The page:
COVID-19: It’s May already

Hello Everyone.

It’s May already …

How on earth did that happen?

The whole thing is strange and unbelievable. In the real world, year 11 would have started their GCSE exams this week and the Urdd Eisteddfod would be two weeks away. At least we’ve had a bank holiday, but as it was on a Friday, even that confused us.

One of the main things that has gone crazy during the lockdown is the concept of time. March and being in school now feel like years ago. I think that we’ve just had the longest April in history. We’ve been on lockdown longer than our usual summer holidays, and yet every day just disappears under our noses.

For May is on the lawn
A quickening hope, a freshening glee

It’s fine for Wordsworth to say that in his Ode composed on a May morning; he obviously never tried to drag teenagers out of bed to do some lockdown work. Welsh language poet Emyr Lewis seems to be closer to the mark, mentioning “amser amherffaith” (imperfect time) in one of his poems, and if there ever was an imperfect time, now is that time.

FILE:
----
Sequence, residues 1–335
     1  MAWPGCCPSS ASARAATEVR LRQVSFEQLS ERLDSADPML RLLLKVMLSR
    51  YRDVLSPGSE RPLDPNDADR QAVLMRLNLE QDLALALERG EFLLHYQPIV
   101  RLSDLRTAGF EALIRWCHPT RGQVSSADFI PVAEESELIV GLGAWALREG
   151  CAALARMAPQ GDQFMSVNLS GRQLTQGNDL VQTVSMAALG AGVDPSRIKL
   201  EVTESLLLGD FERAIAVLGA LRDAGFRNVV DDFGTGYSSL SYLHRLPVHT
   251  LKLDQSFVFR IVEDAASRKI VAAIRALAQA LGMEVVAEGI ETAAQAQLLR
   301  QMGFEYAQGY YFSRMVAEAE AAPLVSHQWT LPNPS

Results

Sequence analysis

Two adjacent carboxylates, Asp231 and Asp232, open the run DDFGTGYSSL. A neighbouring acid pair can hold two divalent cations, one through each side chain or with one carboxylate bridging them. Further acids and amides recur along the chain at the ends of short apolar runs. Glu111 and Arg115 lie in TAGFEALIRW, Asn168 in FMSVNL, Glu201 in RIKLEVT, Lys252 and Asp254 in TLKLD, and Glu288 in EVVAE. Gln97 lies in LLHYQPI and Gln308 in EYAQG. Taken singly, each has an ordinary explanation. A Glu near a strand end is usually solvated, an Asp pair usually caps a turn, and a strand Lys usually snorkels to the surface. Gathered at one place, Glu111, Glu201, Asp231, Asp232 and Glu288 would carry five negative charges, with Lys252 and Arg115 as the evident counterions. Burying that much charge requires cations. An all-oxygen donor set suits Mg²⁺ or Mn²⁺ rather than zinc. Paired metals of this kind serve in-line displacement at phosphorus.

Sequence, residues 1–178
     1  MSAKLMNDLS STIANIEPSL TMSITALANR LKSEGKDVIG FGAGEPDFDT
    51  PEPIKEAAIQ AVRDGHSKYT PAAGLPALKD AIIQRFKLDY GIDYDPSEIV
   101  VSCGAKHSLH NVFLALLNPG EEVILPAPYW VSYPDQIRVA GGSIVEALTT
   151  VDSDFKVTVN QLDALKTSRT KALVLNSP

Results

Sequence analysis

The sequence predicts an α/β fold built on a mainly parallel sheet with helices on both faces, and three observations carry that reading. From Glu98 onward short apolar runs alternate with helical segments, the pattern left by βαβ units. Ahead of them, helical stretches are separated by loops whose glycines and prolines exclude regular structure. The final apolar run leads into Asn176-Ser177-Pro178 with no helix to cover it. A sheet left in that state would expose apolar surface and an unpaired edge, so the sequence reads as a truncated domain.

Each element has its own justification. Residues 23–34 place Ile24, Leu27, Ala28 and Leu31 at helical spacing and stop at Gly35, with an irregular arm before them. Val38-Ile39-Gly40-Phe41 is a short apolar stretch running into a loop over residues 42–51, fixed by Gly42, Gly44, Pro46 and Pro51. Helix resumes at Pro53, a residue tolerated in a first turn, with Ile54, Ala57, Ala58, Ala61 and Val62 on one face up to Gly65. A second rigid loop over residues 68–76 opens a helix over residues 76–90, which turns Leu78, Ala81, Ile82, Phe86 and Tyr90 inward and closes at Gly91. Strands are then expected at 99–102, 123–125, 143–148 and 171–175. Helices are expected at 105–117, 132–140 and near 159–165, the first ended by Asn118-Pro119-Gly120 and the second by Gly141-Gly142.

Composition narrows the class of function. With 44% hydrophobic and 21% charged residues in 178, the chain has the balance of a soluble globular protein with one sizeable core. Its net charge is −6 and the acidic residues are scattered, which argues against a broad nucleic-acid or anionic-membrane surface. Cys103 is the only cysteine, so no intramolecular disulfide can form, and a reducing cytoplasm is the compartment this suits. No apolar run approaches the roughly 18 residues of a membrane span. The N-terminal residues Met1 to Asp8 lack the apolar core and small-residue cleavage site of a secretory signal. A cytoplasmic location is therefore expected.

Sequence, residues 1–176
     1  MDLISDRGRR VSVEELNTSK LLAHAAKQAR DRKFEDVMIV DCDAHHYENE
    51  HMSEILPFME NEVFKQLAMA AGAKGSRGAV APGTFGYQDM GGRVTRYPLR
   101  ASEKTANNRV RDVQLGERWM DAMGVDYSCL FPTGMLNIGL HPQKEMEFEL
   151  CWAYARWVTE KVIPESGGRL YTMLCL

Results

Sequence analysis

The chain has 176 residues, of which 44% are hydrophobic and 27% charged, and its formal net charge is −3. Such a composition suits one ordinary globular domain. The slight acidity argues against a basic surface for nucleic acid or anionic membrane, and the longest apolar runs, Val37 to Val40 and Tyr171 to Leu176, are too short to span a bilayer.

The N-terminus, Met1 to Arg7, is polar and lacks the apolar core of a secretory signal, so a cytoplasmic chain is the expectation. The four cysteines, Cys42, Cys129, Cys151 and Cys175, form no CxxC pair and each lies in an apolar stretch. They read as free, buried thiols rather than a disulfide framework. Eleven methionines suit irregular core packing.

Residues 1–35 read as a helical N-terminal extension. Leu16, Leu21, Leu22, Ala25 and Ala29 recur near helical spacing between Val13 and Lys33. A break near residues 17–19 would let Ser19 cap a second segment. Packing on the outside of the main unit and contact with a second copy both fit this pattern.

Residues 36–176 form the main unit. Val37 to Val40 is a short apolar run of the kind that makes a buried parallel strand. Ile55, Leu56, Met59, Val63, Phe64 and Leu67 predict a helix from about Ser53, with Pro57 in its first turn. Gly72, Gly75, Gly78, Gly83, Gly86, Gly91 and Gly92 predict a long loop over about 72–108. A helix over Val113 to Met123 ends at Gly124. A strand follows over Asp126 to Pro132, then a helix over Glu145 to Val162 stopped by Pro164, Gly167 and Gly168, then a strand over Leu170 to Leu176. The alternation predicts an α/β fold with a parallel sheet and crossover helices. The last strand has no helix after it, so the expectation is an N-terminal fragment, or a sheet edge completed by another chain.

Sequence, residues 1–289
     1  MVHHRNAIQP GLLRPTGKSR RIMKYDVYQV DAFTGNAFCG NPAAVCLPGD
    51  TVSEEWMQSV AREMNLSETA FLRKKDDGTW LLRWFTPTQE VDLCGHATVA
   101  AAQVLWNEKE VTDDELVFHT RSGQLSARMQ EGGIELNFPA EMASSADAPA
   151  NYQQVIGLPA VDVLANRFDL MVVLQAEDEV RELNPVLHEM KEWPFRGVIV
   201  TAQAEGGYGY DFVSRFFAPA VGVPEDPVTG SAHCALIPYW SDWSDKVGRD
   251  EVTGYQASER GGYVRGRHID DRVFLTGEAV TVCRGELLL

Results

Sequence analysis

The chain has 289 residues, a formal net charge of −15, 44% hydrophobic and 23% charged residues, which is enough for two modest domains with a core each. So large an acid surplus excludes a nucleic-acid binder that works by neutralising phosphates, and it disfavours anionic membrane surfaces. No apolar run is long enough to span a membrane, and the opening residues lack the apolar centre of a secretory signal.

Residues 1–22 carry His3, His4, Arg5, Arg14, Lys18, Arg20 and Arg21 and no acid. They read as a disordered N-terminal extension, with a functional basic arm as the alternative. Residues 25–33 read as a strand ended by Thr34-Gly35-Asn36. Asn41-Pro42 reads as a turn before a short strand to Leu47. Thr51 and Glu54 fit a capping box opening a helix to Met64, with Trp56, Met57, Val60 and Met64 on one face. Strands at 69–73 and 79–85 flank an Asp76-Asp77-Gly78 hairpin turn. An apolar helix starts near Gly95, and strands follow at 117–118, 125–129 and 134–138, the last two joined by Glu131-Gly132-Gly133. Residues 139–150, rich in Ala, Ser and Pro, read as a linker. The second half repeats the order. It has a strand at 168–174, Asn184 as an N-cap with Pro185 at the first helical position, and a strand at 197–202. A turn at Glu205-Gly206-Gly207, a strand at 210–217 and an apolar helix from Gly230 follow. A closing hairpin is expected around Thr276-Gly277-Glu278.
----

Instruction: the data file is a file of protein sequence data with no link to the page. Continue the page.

Thanks to everyone for keeping going, thank you for your continued support of the school, and thank you for the positive messages in our latest questionnaire. Many parents expressed their appreciation of everything the school is doing in an effort to continue educating Bro Edern pupils at home. But thank you too. We know that it is not easy to motivate teenagers to work all day, and we appreciate that some of them are not happy to get “school instructions” from their parents! But please, keep at it.

Comparison is the thief of joy

Theodore Roosevelt

The pressures on social media seem to be even more intense under lockdown. Remember that the allegedly perfect lives you see in photos on Facebook, Instagram and Snapchat don’t equate to happiness in those posting them. It doesn’t mean that your friends and acquaintances are necessarily happier than you, or coping better than you. The pictures are often posted with multiple filters, obscuring all blemishes, hiding the dust, poised at an angle to avoid the mess in the background. The fact that your friends may be posting these pictures means nothing, really. It may just be their way of coping at the moment. Please remember this, and remind your children regularly of this important message.